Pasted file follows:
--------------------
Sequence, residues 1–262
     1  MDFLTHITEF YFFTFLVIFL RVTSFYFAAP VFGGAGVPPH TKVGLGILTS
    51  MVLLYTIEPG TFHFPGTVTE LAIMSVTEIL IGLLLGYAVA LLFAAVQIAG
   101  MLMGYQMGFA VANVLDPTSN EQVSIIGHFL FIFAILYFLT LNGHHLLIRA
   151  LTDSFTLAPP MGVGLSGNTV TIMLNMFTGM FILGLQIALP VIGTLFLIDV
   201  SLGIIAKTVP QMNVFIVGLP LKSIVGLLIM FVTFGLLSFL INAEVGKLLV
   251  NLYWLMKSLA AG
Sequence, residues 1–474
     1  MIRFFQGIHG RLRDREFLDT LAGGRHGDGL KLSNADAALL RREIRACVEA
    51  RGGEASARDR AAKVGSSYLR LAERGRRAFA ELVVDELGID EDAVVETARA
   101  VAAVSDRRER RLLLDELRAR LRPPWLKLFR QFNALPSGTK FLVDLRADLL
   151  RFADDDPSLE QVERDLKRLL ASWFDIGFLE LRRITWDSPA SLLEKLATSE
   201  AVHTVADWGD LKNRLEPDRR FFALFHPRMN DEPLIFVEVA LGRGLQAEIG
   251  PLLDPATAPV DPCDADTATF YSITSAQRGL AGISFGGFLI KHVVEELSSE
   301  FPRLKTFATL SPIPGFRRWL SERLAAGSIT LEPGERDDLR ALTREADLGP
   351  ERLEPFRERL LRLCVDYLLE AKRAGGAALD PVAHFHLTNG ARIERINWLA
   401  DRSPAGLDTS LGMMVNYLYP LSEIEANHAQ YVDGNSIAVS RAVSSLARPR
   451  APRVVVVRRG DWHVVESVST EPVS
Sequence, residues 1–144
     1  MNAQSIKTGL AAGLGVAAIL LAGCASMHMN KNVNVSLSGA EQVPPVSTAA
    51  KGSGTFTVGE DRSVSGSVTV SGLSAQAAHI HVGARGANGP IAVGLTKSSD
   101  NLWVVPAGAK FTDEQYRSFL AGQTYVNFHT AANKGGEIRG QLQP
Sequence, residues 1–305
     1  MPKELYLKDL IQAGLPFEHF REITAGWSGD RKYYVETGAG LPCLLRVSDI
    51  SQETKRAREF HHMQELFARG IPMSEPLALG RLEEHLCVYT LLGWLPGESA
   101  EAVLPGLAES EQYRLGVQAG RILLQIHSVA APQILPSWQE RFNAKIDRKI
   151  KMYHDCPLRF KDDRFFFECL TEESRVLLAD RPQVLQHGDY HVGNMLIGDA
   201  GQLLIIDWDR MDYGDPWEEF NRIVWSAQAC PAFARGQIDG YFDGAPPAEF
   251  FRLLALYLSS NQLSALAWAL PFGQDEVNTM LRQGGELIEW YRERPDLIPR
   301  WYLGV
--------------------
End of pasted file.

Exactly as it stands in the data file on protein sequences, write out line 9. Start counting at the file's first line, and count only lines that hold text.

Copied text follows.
     1  MIRFFQGIHG RLRDREFLDT LAGGRHGDGL KLSNADAALL RREIRACVEA